Stroke: signs, symptoms and treatment
A stroke occurs when a part of the brain is damaged because it is deprived of its blood supply. Blood carries oxygen and nutrients to the brain, so when the blood supply is cut off or limited, brain cells start to die. A stroke is also known as a cerebrovascular accident, CVA, cerebral vascular accident or brain attack.
Stroke is a serious condition. It is one of the leading causes of death in Australia and is the main cause of long-term disability in adults in Australia. However, there have been recent advances in treatments for stroke and in stroke prevention.
If you think that you or someone else is having a stroke, dial 000 for an ambulance immediately. Even if symptoms seem to be improving, still call an ambulance. The sooner a stroke is treated in hospital, the better the chance of recovery. Time delays can increase damage to the brain.
Once you have called an ambulance, you can help by giving first aid for stroke.
First aid for stroke
Signs of a stroke include:
- weakness, paralysis (inability to move) or numbness of the face or limbs, particularly on one side of the body;
- vision suddenly becoming blurred or decreased, especially in one eye;
- difficulty talking or understanding speech;
- sudden difficulty swallowing;
- an unexplained fall, dizziness or loss of balance — someone suffering from stroke may resemble a drunk person;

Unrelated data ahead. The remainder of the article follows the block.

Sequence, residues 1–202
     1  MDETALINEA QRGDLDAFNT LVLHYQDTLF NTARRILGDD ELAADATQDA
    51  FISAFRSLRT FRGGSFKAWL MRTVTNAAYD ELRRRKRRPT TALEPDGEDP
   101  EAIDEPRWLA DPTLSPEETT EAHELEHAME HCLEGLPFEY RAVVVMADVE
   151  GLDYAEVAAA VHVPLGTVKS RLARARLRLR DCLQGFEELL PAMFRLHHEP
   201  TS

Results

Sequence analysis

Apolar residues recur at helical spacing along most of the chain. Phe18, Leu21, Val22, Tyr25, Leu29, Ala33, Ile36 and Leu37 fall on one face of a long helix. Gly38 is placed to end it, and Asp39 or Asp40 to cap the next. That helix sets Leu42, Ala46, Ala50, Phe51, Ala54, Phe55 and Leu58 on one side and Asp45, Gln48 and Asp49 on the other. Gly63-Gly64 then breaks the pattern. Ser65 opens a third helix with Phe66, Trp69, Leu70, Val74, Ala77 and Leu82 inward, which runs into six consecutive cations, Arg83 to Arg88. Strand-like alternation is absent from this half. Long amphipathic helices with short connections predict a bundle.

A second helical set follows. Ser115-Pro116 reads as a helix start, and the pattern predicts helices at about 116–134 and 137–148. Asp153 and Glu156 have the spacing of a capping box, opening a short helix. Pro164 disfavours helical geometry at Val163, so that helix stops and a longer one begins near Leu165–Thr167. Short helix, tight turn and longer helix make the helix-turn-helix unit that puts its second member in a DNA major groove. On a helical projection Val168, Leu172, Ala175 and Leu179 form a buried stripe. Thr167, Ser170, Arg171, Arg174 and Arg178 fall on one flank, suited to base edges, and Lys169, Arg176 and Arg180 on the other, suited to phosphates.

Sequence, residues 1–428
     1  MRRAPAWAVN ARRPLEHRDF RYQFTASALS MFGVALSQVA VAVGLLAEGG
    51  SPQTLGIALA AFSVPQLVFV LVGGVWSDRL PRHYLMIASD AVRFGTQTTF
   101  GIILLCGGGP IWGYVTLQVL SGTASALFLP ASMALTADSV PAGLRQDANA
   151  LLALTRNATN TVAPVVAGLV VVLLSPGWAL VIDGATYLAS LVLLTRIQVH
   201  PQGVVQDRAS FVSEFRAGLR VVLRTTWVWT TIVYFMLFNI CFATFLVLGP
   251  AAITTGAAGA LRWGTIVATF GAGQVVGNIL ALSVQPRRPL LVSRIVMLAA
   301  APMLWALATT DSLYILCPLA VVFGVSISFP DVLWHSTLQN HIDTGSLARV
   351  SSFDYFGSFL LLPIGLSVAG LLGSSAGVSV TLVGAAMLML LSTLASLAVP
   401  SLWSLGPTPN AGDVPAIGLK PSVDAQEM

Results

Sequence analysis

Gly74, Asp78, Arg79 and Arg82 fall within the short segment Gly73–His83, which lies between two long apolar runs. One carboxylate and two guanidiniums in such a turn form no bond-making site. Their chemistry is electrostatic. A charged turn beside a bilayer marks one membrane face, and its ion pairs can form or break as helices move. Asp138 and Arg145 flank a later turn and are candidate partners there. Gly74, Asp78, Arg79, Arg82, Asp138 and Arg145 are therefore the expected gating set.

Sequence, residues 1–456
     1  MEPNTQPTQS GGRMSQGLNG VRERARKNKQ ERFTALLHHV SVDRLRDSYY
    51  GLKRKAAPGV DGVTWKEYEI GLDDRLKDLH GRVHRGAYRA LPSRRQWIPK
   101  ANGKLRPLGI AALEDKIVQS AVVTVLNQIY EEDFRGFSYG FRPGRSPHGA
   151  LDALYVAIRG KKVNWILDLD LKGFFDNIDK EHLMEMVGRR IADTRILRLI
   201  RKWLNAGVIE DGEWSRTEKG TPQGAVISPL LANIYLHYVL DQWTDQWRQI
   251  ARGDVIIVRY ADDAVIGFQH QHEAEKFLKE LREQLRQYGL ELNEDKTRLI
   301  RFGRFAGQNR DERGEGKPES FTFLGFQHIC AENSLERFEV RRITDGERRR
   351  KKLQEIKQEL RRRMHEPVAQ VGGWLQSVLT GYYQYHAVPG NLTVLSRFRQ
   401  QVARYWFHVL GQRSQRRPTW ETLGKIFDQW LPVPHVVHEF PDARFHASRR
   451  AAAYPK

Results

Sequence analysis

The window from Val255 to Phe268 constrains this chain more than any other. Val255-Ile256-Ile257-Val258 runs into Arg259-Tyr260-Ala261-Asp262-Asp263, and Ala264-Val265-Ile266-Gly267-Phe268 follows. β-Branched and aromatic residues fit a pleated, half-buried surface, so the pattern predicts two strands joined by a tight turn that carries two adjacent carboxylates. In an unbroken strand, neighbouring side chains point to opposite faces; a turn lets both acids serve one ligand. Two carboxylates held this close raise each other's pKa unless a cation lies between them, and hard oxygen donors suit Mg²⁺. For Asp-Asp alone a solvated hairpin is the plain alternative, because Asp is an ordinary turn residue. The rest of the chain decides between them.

- sudden severe headache or a new type of headache with no known cause; and
- drowsiness, confusion or loss of consciousness.
What to do when someone has a stroke
If you suspect that you are having a stroke or that someone else is having a stroke, dial 000 for an ambulance immediately. The sooner a stroke is treated in hospital, the more likely the person is to recover. Time delays can increase the damage to the brain.
Follow the DRSABCD Action Plan
St John Ambulance Australia recommends you follow the ‘DRSABCD Action Plan’ in every emergency. It helps you determine whether someone has a life-threatening condition and what first aid is needed.
D — check for DANGER
To the affected person.
R — check RESPONSE
Ask the person their name. If someone has had a stroke, they may not be able to talk, so grasp both their hands and ask them to squeeze — they may respond by squeezing one of your hands.
Does the person respond? If so, they are conscious: follow the directions at the end of the page while you wait for help to arrive.
If the person does not respond, they are probably unconscious.
S — SEND for help
Phone 000 for an ambulance or ask someone else to make the phone call.
A — check AIRWAY
Is the airway open?
Open the mouth and check that the upper airway that is visible to you is clear of foreign material.